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Stories by Garrett Harris

Summer of nothing

Beethoven sits us down by the stream and does... nothing

Our recent little thunderstorm reminded me of what is probably the best piece of summer music: Beethoven’s Symphony No. 6. There are fives sections of the symphony, one of which is a thunderstorm which passes ...

Miss what most of us never had

James Agee and San Diego: Summer of 2015

Knoxville: Summer of 1915. Is there a more nostalgic title? It evokes a yearning for simpler times, a time when fathers watered their lawns by hose in the evening, after supper, while children played and ...

More complicated than you might think

A soprano isn't just a soprano

Let’s talk about soloists and concert music. I’ve yet to be impressed with any soloists at any of the orchestras in town. I’ve found them all to be serviceable at best and miscast at worst. ...

Are you free?

Singing for free is the norm, so why make it an issue?

Why don’t orchestras pay choruses for the concerts that require a chorus? Why would an institution with a $20 million budget not pay choristers? Here’s the deal. They do pay choruses, but they pay the ...

Racy conclusion

Beethoven contemplates but Mozart drives fast

As of June 20, the Mainly Mozart Festival is done for 2015. The final concert was a study in contrasting styles of music. Or perhaps I should say contrasting moods instead of style. The entire ...

Shining, happy people

Mainly Mozart musicians deliver a Biblical experience

“As he [Jesus] was praying, the appearance of his face changed, and his clothes became as bright as a flash of lightning. Two men, Moses and Elijah, appeared in glorious splendor, talking with Jesus...As the ...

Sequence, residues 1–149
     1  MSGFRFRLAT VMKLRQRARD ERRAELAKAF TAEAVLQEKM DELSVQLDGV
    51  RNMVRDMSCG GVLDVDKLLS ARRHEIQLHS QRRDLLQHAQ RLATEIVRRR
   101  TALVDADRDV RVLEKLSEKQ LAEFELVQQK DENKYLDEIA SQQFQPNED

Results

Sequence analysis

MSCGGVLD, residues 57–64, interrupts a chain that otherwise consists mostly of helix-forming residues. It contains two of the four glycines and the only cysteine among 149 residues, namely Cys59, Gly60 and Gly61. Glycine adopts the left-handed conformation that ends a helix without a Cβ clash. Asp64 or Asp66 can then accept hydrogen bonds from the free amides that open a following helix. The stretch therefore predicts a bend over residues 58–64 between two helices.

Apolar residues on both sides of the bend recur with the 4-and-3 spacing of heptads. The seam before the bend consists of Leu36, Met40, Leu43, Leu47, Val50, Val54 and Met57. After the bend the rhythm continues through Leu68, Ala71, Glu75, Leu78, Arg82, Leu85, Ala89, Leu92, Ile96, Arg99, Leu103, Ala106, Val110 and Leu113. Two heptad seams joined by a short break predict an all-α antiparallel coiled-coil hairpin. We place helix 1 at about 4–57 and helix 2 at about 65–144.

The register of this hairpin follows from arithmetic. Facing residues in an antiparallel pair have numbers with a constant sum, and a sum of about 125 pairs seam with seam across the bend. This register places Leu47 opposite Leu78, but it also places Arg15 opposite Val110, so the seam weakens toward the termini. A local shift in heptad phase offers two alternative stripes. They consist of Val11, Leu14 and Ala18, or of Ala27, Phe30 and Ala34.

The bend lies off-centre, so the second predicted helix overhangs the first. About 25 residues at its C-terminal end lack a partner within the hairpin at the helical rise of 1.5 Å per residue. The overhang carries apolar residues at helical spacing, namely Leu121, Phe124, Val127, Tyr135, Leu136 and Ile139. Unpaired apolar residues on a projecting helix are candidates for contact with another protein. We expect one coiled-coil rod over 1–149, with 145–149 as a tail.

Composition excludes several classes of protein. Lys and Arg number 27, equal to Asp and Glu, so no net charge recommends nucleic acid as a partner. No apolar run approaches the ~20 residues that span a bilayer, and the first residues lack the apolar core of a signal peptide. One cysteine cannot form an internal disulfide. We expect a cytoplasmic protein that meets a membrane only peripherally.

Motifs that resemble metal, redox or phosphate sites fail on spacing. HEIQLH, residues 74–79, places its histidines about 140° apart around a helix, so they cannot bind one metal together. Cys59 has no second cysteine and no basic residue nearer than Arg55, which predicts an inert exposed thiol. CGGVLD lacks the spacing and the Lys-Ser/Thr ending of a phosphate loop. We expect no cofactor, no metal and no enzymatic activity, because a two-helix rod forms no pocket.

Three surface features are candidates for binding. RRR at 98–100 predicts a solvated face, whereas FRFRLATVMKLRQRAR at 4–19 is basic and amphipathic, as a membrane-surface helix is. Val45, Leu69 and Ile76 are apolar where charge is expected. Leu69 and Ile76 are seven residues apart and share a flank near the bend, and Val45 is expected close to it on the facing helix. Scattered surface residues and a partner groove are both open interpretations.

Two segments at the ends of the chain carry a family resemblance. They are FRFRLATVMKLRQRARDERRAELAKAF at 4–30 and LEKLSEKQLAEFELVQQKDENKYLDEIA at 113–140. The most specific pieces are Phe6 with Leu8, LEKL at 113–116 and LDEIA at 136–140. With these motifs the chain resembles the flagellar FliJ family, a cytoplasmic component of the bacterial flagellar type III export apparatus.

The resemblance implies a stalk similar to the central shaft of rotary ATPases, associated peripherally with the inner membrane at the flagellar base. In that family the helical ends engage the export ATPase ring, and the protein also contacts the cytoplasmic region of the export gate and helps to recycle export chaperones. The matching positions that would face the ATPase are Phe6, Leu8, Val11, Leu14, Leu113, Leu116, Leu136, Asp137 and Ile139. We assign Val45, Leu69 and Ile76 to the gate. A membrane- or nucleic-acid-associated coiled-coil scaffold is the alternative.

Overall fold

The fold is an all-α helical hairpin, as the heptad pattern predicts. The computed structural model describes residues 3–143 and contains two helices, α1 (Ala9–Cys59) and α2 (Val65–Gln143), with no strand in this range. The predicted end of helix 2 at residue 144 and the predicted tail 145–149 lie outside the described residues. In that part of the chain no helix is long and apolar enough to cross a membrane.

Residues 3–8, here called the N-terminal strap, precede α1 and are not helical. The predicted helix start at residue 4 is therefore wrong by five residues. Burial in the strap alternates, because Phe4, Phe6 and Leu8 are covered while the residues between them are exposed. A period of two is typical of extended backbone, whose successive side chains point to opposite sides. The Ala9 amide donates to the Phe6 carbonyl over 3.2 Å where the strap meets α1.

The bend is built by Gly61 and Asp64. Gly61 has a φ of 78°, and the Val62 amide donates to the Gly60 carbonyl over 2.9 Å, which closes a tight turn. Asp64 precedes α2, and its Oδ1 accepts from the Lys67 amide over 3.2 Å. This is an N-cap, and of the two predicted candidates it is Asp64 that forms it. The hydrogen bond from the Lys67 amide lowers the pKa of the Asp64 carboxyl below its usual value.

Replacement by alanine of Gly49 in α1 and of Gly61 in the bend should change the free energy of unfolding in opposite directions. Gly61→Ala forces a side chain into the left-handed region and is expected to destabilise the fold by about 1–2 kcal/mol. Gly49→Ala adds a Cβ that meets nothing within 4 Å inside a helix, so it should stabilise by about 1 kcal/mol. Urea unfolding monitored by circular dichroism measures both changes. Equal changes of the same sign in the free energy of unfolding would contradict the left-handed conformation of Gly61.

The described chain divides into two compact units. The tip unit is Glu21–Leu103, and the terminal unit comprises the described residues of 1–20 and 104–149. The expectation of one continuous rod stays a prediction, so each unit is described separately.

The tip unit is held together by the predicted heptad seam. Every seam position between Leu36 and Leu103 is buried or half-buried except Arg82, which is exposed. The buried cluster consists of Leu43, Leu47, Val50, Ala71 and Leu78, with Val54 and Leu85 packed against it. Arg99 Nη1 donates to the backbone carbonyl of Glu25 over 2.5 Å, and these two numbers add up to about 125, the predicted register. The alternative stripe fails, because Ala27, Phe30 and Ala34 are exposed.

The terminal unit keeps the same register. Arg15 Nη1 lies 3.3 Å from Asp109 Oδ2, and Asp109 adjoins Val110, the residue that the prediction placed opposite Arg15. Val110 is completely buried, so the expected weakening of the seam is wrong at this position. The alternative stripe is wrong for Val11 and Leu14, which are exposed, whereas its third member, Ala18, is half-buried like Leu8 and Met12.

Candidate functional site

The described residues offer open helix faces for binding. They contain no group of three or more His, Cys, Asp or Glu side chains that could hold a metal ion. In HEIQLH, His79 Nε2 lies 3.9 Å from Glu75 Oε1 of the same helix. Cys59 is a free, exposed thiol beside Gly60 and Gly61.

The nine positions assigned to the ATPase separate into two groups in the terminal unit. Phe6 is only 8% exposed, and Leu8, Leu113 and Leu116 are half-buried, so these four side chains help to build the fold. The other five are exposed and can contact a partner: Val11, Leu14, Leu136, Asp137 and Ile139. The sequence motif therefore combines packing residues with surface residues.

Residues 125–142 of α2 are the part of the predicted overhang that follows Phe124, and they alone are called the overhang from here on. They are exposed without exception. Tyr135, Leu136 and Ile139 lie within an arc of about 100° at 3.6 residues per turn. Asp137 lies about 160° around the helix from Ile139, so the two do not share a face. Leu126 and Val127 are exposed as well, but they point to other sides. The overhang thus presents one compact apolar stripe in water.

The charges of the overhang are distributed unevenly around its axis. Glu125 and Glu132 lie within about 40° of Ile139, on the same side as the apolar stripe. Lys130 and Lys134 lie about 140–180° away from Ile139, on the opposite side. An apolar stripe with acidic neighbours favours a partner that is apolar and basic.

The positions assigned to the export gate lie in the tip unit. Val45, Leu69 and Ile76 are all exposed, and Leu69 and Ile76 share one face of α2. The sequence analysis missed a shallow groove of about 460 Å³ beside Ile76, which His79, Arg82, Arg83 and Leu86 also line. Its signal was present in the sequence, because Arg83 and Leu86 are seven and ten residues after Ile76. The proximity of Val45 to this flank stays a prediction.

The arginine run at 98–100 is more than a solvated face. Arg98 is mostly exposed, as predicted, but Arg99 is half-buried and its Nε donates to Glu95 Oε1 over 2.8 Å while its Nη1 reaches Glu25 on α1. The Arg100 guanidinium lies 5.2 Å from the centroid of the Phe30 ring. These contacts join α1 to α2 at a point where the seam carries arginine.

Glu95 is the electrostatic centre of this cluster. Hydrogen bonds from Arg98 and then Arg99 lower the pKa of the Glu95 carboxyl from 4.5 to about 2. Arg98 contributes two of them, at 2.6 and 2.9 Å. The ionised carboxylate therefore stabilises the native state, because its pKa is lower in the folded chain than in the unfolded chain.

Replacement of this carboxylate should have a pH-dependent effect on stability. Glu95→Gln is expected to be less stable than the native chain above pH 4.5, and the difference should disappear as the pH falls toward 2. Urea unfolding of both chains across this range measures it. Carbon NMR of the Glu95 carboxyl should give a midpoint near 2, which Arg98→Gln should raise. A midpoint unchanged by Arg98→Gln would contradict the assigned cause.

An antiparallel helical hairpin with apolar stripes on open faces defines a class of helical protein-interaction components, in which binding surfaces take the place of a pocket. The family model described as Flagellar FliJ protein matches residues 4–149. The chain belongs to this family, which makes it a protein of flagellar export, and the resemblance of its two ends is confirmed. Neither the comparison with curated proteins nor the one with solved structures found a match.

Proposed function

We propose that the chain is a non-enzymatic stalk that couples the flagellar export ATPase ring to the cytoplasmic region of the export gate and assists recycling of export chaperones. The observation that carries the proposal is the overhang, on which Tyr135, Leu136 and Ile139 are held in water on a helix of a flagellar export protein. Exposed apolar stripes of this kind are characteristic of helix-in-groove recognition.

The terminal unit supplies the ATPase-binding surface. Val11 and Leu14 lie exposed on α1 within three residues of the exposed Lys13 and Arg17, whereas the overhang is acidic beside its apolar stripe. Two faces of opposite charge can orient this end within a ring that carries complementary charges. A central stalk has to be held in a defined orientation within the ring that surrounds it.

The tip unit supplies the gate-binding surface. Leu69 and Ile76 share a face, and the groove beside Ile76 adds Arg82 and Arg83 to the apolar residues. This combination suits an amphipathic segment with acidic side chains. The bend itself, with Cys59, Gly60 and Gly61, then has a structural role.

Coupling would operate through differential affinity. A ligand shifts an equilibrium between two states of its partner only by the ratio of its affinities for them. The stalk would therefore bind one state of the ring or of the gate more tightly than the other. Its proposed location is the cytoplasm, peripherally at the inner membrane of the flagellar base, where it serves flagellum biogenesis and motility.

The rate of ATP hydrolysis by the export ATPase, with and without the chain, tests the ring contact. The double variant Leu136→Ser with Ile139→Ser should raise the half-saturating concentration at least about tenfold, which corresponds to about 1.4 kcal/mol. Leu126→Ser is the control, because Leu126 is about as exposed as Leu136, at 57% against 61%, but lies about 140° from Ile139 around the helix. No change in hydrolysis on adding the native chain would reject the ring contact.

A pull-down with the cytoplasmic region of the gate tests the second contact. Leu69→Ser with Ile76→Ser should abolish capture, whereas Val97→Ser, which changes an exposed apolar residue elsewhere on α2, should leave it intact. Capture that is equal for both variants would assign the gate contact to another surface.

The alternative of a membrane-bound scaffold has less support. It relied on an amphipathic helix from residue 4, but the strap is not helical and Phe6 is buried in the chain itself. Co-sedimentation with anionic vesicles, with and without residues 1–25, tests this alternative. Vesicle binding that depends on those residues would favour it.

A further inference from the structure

Preaching to the choir

The bar is too low for choral vocal work in classical music

Warning: This article is critical of some current choral practices. If you’re a singer in a choir, you’ve been warned. Let’s talk about this explosive “k” at the top of every mass. The opening text ...

Top-notch Mozart by way of Bach

San Diegos request to classical music might just be "talk to us a little"

Saturday night’s Mainly Mozart concert was a wonderful experience of musicology. Conductor Michael Francis spoke before each piece instead of having a printed “Maestro’s Notes” in the program. This is the type of approach which ...

Sexy mountain climb

An esoteric pick of the week for the Richard Strauss, the birthday boy

Richard Strauss had a birthday this week so let’s make him our esoteric pick of the week as a birthday present. It’s the thought that counts. Strauss wrote six “great tone poems.” In all, there ...

Bring the healing

Michael Francis talks Mainly Mozart in Balboa Park

There is a unique event coming up on Sunday, June 14th, at 3 p.m. — a free concert at Balboa Park's Plaza de Panama. What is the event? I’ll let Maestro Michael Francis tell us ...

How to start with Mozart and end up with nihilism

The arbitrary fame of the Haffners leads Garrett to wonder what really matters

Mozart’s Haffner Symphony is a fairly famous piece of music, but who the hell was Haffner? Haffer got not just the symphony but also a 55-minute-long serenade. That’s about 90 minutes of music by Mozart ...

You need an epic to describe an epic

A Mainly Mozart Festival Orchestra experience only Homer can describe

“No more words — he dashed toward the city, heart racing for some great exploit, rushing on like a champion stallion drawing a chariot full tilt, sweeping across the plain in easy, tearing strides — ...

Voice of understanding

Conductor Michael Francis talks Mozart, "the most fascinating of all musical lives"